London Gold Market Report
Gold Up vs. Major Currencies as US Fed "Enhances Inflation Hedge"
THE PRICE OF GOLD rose sharply as the US Dollar fell Thursday morning in London, touching four-session highs above $960 an ounce as world stock markets rose for the third day running.
The Dollar fell further to one-week lows against the Euro after France and Germany said their economies grew between April and July, capping 9 months of recession.
Last night the Federal Reserve confirmed that it will continue creating dollars to buy US government debt and higher-risk mortgage-backed securities.
"Market sentiment changed overnight after the Federal Reserve's statement," said one Hong Kong dealer today, noting the correlated move higher in Euros, gold, oil and equities.
"Gold Prices were bolstered by the US Federal Reserve," agrees Investec Bank in Australia.
"[The Fed] signaled its strong resolve to keep interest rates at near zero, thereby enhancing bullion's status as a hedge against inflation."
Selling at the $950 level was said to be "well absorbed" during Asian wholesale trade today. Indian Gold Prices dipped as the Rupee bounced vs. the Dollar. Japanese Gold Futures traded in Tokyo ended the day 1.5% higher at ¥2,955 per gram.
Adding 1.9% from yesterday's two-week Dollar low, the Gold Price also rose for UK and European investors, breaking new August highs vs. the Pound at £577.
The Gold Price in Euros rose 1.0% from Wednesday's dip to breach €673 an ounce.
"In the current environment, it is just too obvious that gold has an important function in the monetary system," says Axel Merk, manager of the California-based $415 million Merk Hard & Asian Currency Funds in California.
Given near-zero interest rates and ongoing quantitative easing worldwide, "We just don't know what would happen to currencies."
Also pointing to last week's renewal of the Central Bank Gold Agreement - under which 19 European authorities will cap and pre-announce any sales from their gold reserves until 2014 - "The attitudes of the central banks right now are a very solid reaffirmation of the value that gold can bring to a properly balanced portfolio of reserves," says George Milling-Stanley at industry-marketing group the World Gold Council.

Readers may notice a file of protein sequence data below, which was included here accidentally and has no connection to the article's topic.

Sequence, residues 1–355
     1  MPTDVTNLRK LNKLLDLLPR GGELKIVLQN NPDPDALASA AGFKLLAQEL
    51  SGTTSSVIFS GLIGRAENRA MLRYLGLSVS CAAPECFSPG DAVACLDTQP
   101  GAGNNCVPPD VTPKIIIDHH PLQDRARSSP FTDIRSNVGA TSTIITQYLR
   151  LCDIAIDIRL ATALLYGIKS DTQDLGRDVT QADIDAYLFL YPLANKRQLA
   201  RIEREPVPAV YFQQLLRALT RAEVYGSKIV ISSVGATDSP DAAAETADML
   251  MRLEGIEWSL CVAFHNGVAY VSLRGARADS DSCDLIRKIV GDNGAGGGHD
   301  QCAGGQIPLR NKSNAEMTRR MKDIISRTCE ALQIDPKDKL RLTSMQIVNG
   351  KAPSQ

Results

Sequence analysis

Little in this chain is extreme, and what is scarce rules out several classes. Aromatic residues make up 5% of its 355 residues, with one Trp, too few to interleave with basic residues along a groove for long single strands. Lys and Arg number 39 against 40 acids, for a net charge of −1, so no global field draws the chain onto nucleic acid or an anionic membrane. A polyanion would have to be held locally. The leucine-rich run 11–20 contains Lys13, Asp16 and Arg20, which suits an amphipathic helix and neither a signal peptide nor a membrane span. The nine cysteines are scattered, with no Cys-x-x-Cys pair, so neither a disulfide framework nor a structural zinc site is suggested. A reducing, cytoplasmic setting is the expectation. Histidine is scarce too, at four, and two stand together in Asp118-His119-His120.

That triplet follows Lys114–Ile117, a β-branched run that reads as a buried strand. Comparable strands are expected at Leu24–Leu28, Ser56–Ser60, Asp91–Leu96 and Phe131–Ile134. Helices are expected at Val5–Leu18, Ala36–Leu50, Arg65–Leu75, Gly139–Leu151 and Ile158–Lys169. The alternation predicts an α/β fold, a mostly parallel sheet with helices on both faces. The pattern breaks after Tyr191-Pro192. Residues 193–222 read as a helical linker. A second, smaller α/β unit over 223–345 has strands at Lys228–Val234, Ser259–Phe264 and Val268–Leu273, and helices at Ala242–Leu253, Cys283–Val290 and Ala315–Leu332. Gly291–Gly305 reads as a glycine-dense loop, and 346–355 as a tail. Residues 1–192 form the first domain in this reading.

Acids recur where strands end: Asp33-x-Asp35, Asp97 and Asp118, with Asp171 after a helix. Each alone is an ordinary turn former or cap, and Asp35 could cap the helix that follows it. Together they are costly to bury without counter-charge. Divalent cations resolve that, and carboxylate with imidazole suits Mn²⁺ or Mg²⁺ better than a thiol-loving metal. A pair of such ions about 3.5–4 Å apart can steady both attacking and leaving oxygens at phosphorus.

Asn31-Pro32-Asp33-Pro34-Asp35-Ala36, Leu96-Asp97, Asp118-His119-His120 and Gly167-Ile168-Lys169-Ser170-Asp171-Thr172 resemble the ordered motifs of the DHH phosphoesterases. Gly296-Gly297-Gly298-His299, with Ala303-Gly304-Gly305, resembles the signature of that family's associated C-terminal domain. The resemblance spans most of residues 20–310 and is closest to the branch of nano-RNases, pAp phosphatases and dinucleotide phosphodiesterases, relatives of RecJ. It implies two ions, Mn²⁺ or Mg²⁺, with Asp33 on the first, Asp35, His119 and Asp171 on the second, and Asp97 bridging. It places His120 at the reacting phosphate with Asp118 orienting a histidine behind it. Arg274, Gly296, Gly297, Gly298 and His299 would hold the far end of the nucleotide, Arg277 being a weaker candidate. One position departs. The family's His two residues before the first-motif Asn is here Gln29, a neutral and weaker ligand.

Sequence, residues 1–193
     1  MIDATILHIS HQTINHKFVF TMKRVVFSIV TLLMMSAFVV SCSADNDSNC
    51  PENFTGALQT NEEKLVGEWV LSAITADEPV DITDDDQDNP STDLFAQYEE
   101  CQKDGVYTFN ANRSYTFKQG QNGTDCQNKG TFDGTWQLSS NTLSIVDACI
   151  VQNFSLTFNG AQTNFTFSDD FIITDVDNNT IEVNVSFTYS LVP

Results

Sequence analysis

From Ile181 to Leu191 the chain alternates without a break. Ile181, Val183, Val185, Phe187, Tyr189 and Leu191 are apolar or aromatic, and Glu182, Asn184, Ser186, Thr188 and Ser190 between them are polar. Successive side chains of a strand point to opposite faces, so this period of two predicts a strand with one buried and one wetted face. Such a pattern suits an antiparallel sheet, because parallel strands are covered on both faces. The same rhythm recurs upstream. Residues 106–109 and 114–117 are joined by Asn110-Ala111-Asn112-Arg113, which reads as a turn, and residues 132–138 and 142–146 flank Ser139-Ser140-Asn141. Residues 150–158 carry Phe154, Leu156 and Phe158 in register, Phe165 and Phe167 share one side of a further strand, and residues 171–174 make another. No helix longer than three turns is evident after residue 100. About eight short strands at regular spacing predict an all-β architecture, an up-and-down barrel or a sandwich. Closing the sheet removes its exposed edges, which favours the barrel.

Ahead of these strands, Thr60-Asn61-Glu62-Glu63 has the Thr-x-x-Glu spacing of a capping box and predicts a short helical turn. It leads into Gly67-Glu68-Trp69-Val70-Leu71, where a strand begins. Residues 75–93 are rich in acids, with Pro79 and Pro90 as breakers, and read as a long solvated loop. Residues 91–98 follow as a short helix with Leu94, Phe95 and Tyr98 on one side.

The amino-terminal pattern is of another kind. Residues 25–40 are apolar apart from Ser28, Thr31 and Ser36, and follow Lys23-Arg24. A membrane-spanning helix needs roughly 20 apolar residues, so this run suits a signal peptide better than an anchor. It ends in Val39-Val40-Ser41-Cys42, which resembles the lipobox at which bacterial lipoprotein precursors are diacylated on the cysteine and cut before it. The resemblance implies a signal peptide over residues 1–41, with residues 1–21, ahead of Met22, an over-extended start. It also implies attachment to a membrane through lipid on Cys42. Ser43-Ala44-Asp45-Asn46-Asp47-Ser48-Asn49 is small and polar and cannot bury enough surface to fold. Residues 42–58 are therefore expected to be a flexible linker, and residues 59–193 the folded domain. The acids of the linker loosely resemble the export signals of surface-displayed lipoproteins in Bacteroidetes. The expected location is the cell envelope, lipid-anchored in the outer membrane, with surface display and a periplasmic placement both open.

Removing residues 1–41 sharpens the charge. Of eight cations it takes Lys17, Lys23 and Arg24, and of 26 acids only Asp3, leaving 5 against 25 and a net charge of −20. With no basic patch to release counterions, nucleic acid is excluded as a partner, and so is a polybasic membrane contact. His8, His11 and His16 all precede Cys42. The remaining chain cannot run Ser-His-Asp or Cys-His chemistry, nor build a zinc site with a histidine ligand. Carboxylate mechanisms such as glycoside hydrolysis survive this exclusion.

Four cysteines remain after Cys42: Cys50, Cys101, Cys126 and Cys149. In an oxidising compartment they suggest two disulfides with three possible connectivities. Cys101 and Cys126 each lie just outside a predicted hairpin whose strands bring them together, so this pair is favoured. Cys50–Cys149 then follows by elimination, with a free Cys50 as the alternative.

"Sales under CBGA 3 will likely undershoot the 400 tonnes. It is just a ceiling, not a target."
To reach 400 tonnes a year, "certainly on a consistent basis, you would need sales from either Germany or Italy," says Stephen Briggs, analyst at RBS Global Banking, "and there are no signs of that at the moment."
Today the Swiss National Bank said it's sold 105 tonnes of gold to the private sector over the last 12 months, completing its planned sale of 250 tonnes under the previous CBGA, which expires on Sept. 26th.
"The proceeds," says the SNB, "amounting to CHF 3 billion [$2.8bn] were invested in securities."
On the data front, meantime, consumer-price expectations put the rate of Australian inflation at 3.5% over the coming year, the Melbourne Institute said today, the highest level in 10 months.
Friday brings Consumer Price data for July from both the Eurozone and United States.
Reviewing the Eurozone's 0.1% economic shrinkage in the second quarter of 2009, "The latest data con?rm the ongoing deceleration in broad money and credit growth," says the European Central Bank in a new report.
"These developments support the assessment of a slower underlying pace of monetary expansion and low in?ationary pressures over the medium term," the ECB reckons.
Early Thursday, European oil prices jumped 2.2% to $74.50 per barrel after the International Energy Agency raised its global demand forecast.
Long-term interest rates rose as government bond prices fell in the open market, pushing 10-year German Bund yields up to 3.50%.